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This week, we are making some improvements to the Assessments in Sapling that we wanted to tell you about (since we’re so excited). The Item Analysis & Student Analysis tabs will be combined to a single tab called “Responses”. Under “Responses”, you will see “Question Overview” which has the information formerly shown in the “Item Analysis” and “Performance Overview” that covers the old “Student Analysis” information. There will be a counter bubble to let you know when responses have been submitted from students on an assignment. There’s a new graphical comparison of all the questions in the assignment in the navigation dropdown of the Question Overview card. The Performance Overview card will now only show a subset of students, so it will now load more quickly for larger courses. You should see all these changes by the end of this week--and we hope you’re as excited as we are! ( We are also working to update the help documentation to help answer any questions you might have. ) Good luck with the rest of the semester!
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Did you know that you can drag and drop items in the Launchpad calendar? Or batch update your settings in Sapling? Do you have the 411 on Achieve Read and Practice? Whether you know the tips and tricks or not, receiving training from your Learning Solutions Specialist (or LSS for short) will help get you “in the know” on the digital platform you’ll be using this semester and how to best utilize it for your own course goals. So, who are the Learning Solutions Specialists? The Learning Solutions Specialists (LSS) are part of the Customer Experience group. Each Learning Solution Specialist is a discipline expert that is responsible for helping instructors have a better experience with Macmillan Products. When speaking to instructors, that LSS can demo the product and give you a preview or give you a full blown training, from content familiarity to functionality and best practices. Why Should I Meet With An LSS? 45 minutes can change your entire semester. While you may explore your Macmillan product on your own once you have been given access, our LSS team can highlight key functionality that you may have missed and share best practices on how to implement the many learning resources. There are many benefits to meeting with an LSS: -1-on-1 Meetings focused on your needs and questions -Understand the best practices used by many other instructors -Learn with a guide -Discover Tips and Tricks -Start getting your class setup while on the meeting What Happens After my meeting? Traditionally, after meeting with the LSS in your discipline, you will be sent a follow-up email that will recap what you spoke about, include technical support info and knowledge article links, as well as an extension of help offered for any further questions you may have about your educational digital platform. As you can see, there are many benefits for taking time to meet with a Learning Solutions Specialist. This time will be well spent and save you time throughout the semester. Schedule a demo or training.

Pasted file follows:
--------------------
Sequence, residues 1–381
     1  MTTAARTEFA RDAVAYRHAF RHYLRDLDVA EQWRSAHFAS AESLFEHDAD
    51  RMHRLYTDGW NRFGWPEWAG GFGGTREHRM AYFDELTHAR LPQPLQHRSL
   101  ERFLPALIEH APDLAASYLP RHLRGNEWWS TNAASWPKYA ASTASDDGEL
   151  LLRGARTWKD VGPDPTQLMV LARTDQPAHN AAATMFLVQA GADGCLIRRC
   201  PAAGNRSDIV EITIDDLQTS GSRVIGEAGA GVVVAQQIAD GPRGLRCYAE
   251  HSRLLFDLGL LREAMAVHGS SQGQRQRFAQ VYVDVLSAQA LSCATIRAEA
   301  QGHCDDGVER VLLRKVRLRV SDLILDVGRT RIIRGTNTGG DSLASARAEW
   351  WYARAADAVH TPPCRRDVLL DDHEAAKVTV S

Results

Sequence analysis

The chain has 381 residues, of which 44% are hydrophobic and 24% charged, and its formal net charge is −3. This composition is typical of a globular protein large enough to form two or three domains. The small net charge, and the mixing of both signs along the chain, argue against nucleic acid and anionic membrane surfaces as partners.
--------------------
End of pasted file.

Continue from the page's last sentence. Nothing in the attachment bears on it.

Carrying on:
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THE FUTURE OF ONLINE LABS Bill Heslop at Learning Science on Smart Worksheets Monday, October 14th at 1:00 PM EST Bill is going to show how student-entered data worksheets could be the answer in your lab, providing students with immediate feedback on their own lab results and saving TAs a ton of time grading--that they can use helping students in lab instead. WATCH THE RECORDING ----------------------------------------------------------------------------------------------------------------------------------------------------------------------------------- Lab Simulations - for online learning and to enhance all classes Wednesday, October 16th at 1:00 PM EST Starting some online labs? Want to do more to prepare your students for lab? Learn more about Hayden McNeil's Lab Simulations and how they can benefit your lab and your students. WATCH THE RECORDING